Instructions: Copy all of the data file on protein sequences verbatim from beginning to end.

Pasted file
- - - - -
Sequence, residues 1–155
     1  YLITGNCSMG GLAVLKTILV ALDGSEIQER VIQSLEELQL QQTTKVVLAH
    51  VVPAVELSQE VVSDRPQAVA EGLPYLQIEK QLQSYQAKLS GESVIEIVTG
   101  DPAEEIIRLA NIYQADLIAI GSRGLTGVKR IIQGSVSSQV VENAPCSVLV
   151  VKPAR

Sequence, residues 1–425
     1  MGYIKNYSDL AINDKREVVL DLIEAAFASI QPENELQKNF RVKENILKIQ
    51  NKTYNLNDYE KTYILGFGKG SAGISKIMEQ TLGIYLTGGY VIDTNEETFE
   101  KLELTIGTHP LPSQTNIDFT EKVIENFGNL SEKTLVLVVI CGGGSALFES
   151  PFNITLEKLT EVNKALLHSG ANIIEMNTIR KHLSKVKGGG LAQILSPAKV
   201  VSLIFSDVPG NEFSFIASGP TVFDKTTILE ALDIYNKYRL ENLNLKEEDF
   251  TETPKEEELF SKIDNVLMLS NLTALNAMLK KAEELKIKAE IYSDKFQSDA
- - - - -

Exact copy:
Sequence, residues 1–155
     1  YLITGNCSMG GLAVLKTILV ALDGSEIQER VIQSLEELQL QQTTKVVLAH
    51  VVPAVELSQE VVSDRPQAVA EGLPYLQIEK QLQSYQAKLS GESVIEIVTG
   101  DPAEEIIRLA NIYQADLIAI GSRGLTGVKR IIQGSVSSQV VENAPCSVLV
   151  VKPAR

Sequence, residues 1–425
     1  MGYIKNYSDL AINDKREVVL DLIEAAFASI QPENELQKNF RVKENILKIQ
    51  NKTYNLNDYE KTYILGFGKG SAGISKIMEQ TLGIYLTGGY VIDTNEETFE
   101  KLELTIGTHP LPSQTNIDFT EKVIENFGNL SEKTLVLVVI CGGGSALFES
   151  PFNITLEKLT EVNKALLHSG ANIIEMNTIR KHLSKVKGGG LAQILSPAKV
   201  VSLIFSDVPG NEFSFIASGP TVFDKTTILE ALDIYNKYRL ENLNLKEEDF
   251  TETPKEEELF SKIDNVLMLS NLTALNAMLK KAEELKIKAE IYSDKFQSDA